While many parents chose to take their children home for the day, school district Superintendent Brent Colbry said others just wanted a quick visit.
“Many said, ‘I know there’s no threat to my child, but I want to see them, comfort them,’” he said.
Of the school’s 411 students, 182 had been removed by their parents by noon, school administrators said. The school is part of School Administrative District 54, which has schools in Canaan, Cornville, Mercer, Skowhegan and Smithfield.
Some at the scene praised the reaction of the school staff, the behavior of the students, and the speedy response from law enforcement officers, some of whom arrived less than three minutes after the school’s principal contacted them.
‘They thought they saw a gun’
The drama began when two first-grade students told a teacher they saw a suspicious man in the large open area between the school and the Norridgewock Library, which is next door.
“They said he had a black hat and looked threatening,” Colbry said. “They thought they saw a gun.”
Colbry said the students may have mistaken an older student for an intruder.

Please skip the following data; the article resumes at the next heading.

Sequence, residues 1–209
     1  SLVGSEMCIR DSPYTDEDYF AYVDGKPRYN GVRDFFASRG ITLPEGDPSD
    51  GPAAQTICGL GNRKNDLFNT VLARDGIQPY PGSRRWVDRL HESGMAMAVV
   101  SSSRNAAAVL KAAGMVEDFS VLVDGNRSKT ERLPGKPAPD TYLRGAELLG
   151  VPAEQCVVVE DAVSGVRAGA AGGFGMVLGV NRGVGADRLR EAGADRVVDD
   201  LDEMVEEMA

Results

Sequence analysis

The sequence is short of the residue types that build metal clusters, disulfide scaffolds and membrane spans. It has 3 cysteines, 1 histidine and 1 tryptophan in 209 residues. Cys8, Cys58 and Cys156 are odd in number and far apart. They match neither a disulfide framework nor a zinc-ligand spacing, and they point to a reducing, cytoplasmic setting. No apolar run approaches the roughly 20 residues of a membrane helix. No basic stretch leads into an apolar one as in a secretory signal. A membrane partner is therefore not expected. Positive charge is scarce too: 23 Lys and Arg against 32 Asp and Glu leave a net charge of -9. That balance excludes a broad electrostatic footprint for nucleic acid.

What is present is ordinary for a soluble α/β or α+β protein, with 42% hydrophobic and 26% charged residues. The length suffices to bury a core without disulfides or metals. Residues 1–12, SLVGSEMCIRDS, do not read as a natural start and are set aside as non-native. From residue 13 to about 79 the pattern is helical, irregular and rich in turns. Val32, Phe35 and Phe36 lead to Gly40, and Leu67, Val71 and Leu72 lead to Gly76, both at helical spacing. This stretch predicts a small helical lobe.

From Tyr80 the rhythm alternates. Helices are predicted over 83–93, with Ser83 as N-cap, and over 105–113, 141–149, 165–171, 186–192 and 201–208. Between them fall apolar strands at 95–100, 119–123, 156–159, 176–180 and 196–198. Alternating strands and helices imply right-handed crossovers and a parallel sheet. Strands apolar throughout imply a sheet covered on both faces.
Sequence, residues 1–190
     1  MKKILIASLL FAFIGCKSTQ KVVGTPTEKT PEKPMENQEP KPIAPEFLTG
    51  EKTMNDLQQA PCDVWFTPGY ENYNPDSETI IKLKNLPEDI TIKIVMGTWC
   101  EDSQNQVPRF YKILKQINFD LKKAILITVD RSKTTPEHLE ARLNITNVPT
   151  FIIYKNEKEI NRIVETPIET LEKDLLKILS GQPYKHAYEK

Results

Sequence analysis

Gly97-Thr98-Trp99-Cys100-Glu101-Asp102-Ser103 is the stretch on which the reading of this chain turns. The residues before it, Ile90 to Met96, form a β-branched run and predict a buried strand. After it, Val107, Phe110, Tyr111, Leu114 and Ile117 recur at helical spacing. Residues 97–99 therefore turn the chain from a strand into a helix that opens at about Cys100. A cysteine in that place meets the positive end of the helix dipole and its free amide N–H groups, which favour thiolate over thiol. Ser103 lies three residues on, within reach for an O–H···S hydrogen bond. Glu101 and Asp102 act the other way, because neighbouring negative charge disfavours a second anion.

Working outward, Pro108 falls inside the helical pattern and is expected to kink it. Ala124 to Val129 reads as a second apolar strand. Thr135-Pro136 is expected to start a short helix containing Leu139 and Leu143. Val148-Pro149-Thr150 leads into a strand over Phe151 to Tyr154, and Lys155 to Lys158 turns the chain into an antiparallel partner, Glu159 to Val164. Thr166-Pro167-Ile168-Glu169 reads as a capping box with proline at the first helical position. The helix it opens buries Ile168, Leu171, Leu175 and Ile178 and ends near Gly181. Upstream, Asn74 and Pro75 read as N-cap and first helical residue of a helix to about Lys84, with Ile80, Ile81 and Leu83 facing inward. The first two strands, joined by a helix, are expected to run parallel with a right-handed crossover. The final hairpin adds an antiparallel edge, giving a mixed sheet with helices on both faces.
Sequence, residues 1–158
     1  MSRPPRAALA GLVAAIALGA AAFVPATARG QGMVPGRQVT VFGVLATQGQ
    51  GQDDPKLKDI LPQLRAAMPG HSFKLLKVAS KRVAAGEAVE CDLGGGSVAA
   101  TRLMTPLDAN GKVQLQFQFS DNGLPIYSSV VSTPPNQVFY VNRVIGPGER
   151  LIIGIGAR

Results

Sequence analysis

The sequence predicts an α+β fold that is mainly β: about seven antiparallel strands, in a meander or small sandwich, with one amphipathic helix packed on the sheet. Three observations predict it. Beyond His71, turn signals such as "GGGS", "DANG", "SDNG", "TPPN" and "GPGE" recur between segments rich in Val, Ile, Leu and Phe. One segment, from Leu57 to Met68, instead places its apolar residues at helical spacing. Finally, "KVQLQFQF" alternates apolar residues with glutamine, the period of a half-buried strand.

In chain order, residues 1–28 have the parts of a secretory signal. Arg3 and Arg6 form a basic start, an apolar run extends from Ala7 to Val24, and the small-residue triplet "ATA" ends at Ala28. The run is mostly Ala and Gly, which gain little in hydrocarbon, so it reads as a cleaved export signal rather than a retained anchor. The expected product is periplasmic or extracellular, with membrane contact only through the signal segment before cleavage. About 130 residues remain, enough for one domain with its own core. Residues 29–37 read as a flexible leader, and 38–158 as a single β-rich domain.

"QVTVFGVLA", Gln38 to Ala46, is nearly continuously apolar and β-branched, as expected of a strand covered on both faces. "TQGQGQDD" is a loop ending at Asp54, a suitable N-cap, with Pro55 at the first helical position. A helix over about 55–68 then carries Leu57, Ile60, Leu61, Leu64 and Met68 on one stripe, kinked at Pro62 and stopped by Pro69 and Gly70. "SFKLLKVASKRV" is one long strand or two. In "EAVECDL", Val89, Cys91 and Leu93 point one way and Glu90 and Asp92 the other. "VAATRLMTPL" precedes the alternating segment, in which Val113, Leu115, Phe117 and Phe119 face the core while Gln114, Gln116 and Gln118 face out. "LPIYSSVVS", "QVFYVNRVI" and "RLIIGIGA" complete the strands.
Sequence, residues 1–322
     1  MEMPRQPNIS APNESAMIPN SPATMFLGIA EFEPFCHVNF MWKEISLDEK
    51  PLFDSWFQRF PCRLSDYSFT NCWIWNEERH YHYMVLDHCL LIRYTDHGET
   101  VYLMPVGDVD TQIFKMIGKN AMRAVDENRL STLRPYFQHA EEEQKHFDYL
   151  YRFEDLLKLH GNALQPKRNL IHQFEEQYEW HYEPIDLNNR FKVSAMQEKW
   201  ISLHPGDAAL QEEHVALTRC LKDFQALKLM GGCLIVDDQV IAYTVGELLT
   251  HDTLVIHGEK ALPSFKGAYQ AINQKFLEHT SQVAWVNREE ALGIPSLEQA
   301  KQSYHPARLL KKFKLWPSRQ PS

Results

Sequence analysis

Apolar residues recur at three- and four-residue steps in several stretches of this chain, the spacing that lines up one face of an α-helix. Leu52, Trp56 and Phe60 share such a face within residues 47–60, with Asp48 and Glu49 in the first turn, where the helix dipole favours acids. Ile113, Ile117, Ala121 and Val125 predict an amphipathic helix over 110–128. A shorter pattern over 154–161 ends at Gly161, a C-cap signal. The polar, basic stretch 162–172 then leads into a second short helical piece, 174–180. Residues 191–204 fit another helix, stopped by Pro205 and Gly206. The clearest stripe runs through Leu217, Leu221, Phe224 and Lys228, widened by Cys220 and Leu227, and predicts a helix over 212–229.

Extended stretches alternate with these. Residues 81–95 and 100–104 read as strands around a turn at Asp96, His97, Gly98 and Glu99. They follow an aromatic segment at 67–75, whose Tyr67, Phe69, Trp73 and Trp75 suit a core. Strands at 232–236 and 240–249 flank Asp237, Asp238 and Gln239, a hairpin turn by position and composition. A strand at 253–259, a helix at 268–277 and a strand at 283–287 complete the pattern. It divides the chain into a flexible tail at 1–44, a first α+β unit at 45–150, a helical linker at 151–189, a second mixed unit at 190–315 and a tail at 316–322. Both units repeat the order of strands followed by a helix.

After the students told the teacher what they thought they saw, the teacher told the principal Bill Pullen. Pullen talked to the students and decided that the threat was credible enough to alert the police.
Colbry said the district reacted appropriately by locking the school down and contacting state police.
“We made a decision to treat it seriously, obviously,” he said.
Nearly three dozen state troopers, game wardens and sheriff’s deputies established a perimeter around the school grounds and interviewed the students before determining that there was no threat.
Pullen said that the school goes through safety practice drills twice a year, a schedule he implemented when he first became principal three years ago. He said students and teachers did exactly what they were supposed to do during the incident.
A state trooper and school district guidance counselors spent the day at the school in order to provide a comforting presence to anyone who might have been upset, according to Colbry.
McCausland said the students did the right thing by reporting something they found to be suspicious. He said that, while there is an increased awareness among administrators and students, there has not been an increase in lockdowns, which he said are very rare.
While everyone can understand the desire of a parent who wants to rush to their child in the event of a school emergency, security experts say a crowd of anxious parents only adds to the problem.